“THE scientific method is a valuable way to advance objective knowledge. By testing a hypothesis against observation, it can either be falsified or supported. Not proved, of course, but nevertheless over time sufficient evidence can accumulate for a hypothesis to be generally accepted as the best available explanation. It is then known as a theory. Hence, although the vast majority of scientists and citizens (at least in Europe) accept Darwin’s description of evolution, this is still regarded as a theory rather than fact. This is important, because as our understanding develops, apparently satisfactory theories may be replaced by others.
For simple things such as the effect of the Earth’s gravity on objects we are familiar with, collecting the evidence is straightforward and no experiments have been done which contradict the theory of gravity. But over the last century, it has been accepted that classical Newtonian mechanics is actually only valid at a certain scale (which encompasses everything in our normal Earthbound existence). At the atomic scale, we enter the abstruse realm of quantum mechanics, and on a cosmic scale Einstein’s theory of relativity is currently the best description of what goes on across the observable universe.
Importantly, both of these deviations from the familiar everyday world as explained by Newton arose because observation did not fit with prediction: the theory broke down at very large and very small scales. The boundaries of knowledge have since been pushed back steadily, leading to a general acceptance of quantum mechanics and relativity as the best theories to date to explain observations.
On a cosmic level, there is still much we do not know. It is now generally accepted that the Big Bang theory describes the universe better than the previously-competing Steady State model. But current models require the universe to be composed largely of as-yet-undetected “dark matter” and “dark energy” if observations are to be consistent with theory. And on a broader scale, the search for a “theory of everything” which brings together quantum mechanics and relativity and explains gravity remains unresolved, with the large amount of work on the development of string theory potentially being a historical dead end…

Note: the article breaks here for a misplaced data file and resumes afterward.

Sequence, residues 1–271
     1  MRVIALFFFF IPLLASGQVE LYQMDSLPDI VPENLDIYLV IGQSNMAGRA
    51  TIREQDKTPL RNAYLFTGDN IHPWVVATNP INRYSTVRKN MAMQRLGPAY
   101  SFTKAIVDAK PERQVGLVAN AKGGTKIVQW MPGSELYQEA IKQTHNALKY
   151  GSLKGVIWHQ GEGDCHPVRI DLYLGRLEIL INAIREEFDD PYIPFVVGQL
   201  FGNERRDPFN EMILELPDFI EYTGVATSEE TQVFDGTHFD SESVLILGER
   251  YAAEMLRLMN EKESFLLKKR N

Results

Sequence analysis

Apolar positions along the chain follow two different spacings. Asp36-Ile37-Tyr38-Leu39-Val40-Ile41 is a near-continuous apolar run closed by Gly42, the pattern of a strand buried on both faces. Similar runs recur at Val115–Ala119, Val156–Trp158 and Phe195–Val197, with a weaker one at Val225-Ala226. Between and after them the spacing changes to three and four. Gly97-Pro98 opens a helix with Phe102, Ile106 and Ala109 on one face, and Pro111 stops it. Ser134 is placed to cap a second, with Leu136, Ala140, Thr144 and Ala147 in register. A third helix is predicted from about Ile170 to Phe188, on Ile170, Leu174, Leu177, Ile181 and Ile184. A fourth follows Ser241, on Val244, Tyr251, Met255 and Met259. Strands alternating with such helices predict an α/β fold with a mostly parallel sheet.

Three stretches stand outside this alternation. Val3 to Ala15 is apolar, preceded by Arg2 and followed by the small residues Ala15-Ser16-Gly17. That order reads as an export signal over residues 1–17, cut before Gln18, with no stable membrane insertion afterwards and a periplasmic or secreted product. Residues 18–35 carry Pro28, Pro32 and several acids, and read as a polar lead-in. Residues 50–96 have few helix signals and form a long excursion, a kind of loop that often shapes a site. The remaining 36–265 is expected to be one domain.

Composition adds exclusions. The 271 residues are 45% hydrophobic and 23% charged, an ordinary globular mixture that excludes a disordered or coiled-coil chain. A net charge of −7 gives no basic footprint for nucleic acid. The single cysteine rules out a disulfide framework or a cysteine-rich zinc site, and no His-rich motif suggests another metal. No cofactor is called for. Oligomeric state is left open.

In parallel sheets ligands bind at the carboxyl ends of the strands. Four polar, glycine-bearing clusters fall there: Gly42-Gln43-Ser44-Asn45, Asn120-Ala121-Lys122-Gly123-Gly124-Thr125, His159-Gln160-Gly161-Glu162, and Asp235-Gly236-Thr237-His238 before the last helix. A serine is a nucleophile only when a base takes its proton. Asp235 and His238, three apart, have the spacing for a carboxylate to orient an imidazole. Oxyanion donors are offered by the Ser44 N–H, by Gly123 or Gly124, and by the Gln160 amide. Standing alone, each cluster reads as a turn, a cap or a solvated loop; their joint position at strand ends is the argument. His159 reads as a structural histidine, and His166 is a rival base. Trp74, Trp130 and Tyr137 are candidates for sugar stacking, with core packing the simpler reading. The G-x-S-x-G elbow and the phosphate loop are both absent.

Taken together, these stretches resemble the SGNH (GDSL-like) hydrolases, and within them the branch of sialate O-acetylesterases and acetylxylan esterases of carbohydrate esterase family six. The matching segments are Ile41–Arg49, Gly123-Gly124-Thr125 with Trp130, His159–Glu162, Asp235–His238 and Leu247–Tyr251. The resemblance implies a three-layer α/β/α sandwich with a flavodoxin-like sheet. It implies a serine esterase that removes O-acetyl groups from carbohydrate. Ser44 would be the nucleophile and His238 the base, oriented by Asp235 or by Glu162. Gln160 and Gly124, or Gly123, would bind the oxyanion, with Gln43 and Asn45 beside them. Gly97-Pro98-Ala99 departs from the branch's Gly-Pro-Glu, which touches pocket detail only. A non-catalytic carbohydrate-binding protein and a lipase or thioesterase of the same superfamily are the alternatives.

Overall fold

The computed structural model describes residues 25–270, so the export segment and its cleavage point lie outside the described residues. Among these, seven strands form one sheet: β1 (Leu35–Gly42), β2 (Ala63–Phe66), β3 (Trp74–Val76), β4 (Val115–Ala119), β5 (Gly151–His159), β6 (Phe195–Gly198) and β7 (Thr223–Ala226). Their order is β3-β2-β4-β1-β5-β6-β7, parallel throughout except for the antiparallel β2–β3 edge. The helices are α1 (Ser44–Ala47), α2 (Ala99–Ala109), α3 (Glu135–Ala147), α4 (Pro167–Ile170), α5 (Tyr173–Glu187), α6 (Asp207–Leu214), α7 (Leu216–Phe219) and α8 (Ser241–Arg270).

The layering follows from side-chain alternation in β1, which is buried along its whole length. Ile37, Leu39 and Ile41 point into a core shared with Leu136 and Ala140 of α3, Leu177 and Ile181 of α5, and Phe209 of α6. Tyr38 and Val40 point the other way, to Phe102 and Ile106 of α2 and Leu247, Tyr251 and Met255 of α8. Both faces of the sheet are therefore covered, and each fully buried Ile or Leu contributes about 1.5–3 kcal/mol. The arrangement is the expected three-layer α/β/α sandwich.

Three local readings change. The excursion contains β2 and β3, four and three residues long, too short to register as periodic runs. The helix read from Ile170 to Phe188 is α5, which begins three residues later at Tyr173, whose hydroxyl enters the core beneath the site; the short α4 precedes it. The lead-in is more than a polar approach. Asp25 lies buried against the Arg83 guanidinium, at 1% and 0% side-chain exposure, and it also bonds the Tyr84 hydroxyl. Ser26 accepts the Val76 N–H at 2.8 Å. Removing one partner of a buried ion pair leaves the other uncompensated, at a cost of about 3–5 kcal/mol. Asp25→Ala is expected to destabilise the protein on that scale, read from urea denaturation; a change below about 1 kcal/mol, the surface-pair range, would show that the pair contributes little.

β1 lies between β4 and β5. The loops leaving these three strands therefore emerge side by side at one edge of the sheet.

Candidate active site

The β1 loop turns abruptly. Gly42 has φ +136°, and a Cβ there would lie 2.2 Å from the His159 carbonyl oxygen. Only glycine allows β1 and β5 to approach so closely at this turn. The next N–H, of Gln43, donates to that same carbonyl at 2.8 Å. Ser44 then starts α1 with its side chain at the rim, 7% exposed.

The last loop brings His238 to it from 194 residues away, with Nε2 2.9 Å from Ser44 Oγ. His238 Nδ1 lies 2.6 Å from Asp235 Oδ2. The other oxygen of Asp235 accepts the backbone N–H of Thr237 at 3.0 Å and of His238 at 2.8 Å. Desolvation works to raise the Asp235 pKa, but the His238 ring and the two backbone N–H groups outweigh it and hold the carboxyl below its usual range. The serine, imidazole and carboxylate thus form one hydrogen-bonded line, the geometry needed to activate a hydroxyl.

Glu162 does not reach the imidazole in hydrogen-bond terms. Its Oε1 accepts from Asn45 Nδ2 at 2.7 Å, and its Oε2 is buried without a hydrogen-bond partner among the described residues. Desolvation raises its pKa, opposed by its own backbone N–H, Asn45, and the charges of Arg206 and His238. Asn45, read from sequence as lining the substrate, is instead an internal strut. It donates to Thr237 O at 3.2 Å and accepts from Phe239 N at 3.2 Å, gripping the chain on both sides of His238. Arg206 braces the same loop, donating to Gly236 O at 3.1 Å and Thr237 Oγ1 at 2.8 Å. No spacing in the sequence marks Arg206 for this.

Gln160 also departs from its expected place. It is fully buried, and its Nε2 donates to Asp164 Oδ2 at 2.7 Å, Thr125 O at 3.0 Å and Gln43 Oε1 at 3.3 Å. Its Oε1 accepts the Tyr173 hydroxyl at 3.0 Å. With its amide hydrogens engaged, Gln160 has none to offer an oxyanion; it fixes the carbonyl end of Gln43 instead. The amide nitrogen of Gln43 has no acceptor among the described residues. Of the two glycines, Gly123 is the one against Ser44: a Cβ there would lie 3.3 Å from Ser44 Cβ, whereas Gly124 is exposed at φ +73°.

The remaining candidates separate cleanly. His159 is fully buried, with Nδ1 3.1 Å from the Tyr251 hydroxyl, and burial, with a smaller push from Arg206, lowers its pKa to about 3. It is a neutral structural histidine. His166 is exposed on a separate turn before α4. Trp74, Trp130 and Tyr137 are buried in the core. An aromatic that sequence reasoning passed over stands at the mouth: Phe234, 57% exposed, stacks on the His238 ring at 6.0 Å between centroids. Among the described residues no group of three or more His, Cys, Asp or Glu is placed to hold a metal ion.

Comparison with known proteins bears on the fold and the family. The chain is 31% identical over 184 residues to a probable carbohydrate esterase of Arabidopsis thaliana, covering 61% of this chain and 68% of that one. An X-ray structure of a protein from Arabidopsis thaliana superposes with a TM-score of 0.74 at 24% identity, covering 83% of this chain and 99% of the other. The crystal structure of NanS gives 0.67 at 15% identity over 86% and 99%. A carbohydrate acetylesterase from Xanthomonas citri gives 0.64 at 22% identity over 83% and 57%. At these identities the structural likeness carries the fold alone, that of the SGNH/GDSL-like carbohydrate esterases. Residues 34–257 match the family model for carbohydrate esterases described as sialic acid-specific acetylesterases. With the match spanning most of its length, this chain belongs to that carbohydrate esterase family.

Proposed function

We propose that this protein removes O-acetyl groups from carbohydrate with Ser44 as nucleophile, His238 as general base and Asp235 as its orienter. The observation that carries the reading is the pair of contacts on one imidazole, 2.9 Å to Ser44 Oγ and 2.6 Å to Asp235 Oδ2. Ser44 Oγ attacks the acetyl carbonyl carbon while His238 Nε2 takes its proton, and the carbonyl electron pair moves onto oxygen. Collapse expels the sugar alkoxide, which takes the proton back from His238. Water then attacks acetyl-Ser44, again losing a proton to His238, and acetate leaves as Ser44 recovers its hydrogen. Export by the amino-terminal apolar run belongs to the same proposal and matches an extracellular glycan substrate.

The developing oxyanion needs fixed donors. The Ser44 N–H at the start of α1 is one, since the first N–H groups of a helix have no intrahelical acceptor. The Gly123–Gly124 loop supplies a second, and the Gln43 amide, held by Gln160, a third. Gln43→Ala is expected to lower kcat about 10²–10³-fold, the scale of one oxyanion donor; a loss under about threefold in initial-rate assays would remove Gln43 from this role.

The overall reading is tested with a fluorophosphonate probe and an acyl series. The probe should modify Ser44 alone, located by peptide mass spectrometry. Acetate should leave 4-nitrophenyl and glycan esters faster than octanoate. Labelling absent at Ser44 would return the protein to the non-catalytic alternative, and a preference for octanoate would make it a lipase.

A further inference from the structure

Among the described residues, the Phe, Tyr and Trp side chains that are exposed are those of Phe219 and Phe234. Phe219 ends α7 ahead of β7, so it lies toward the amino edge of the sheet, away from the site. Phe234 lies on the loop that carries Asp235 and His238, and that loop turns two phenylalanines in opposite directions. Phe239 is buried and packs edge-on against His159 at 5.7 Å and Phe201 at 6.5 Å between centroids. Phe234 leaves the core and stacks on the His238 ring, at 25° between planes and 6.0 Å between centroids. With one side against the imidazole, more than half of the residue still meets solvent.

This sort of work engenders fierce scientific rivalries, and the formation of a consensus view can take many years, but it is essentially an internal professional competition, of little direct relevance to the average citizen (apart from the fact that their taxes pay for it). However, when we come to issues which affect non-scientists more directly, other interest groups become more involved…
But when we turn to environmental issues, the situation becomes more complex still. To test a hypothesis, it is always best if only one independent variable can be changed at a time. In the laboratory, this is usually possible, but when hypotheses have to be tested purely by observation of highly complex systems, life gets much more difficult. And it is difficult to think of something much more complex than global climate.
It is well known that there were serious concerns raised about climate change in the 1970s, although at that time the worry was about cooling and descent into a new Ice Age. However, attention soon turned instead to global warming. A sudden jump in temperature in the mid-1970s was followed by an upward trend over the next two decades, and it was perfectly logical to hypothesise that this increase was caused by rising levels of carbon dioxide in the atmosphere.
This quickly became the new paradigm, linking humankind’s burning of fossil fuels directly to environmental change on a global scale. Unfortunately for the cause of rational debate, this also quickly became the only acceptable hypothesis for large swathes of the scientific community, pretty much everyone who considered themselves an environmentalist and the liberal elites in Western democracies…
Read more here.
Scientific Alliance newsletter 12th June 2009
Science, belief and rational debate by Andy Hooper